ERIC Number: ED276283
Record Type: RIE
Publication Date: 1985-Jun
Reference Count: 0
The Transition from Latin to German in the Natural Sciences--And Its Consequences.
Little is known about the transition from the use of Latin to the use of German in scientific literature. In the sixteenth and seventeenth centuries, Latin texts by Albrecht Durer and Johannes Kepler were bestsellers while the German versions were unpopular. German mathematics became acceptable only after 1700, with the work of Christian Wolff. Christian Thomasius, a Wolff colleague, was the first to announce a lecture in German. In 1680, for the first time, more titles were printed in German than in Latin in Germany, and by 1800, no more than four percent of all books printed there were in Latin. Germany appears to have lagged behind Italy, France, Holland, and England in the adoption of the vernacular for the sciences. The transition was part of an overall process of nationalization of the sciences in Europe, which was then forming its modern nation states. However, this opening of horizons had some costs: there was no longer a universally understood language; the sciences became a national, and sometimes nationalistic, enterprise; science became a tool of political power; the language of science lost its pliability and unambiguousness; scientific literature gained the potential for misinterpretation by non-scholars; and in some cases, science became mythologized into doctrine. (MSE)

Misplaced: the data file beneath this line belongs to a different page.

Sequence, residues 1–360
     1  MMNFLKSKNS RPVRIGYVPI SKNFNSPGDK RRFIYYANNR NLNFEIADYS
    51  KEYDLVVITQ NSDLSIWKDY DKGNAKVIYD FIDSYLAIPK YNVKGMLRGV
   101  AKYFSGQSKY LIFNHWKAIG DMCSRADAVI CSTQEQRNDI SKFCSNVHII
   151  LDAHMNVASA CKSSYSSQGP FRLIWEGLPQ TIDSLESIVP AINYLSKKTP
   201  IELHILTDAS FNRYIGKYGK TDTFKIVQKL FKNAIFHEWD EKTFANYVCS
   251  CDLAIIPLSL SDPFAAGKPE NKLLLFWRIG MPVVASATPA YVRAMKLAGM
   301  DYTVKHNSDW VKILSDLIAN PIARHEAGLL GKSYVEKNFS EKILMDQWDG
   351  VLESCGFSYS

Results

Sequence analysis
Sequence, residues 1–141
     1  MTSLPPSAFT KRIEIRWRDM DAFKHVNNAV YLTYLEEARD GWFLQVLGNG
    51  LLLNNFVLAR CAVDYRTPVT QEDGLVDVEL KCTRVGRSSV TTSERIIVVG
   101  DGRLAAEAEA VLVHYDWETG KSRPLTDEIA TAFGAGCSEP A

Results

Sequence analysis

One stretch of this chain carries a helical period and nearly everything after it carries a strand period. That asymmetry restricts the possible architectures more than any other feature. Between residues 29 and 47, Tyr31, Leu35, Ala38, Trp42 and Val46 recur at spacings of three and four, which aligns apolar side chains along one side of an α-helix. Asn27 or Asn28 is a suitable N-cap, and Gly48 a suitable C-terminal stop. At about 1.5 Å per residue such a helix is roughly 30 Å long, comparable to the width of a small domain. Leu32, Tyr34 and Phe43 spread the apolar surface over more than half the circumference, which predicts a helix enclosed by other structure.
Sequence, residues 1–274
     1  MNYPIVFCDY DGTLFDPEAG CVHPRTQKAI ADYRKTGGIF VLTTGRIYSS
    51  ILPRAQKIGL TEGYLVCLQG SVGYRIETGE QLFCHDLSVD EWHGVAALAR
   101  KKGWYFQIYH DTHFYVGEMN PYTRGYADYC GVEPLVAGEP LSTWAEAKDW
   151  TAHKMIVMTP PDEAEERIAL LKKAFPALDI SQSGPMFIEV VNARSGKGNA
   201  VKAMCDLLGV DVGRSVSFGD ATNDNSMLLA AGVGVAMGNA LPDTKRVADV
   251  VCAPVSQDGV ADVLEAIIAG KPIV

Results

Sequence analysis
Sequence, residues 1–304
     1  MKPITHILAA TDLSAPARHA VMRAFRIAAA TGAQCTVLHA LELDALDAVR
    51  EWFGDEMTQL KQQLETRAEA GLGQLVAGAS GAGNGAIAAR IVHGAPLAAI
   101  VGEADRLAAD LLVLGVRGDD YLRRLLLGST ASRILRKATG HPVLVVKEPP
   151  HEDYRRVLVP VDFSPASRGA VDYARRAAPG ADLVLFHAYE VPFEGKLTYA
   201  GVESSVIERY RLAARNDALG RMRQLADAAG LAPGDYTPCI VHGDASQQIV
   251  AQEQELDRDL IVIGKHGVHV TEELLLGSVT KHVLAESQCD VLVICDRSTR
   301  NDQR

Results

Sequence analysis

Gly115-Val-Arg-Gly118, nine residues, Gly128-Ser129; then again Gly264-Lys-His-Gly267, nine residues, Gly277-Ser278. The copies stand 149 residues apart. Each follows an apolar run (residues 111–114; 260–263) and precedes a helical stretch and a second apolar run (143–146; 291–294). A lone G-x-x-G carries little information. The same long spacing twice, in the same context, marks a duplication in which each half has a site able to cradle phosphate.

Publication Type: Information Analyses; Speeches/Meeting Papers
Education Level: N/A
Authoring Institution: N/A
Note: Paper presented at a Conference on Vernacular Languages for Modern Societies (Bad Homburg, West Germany, June 11-15, 1985).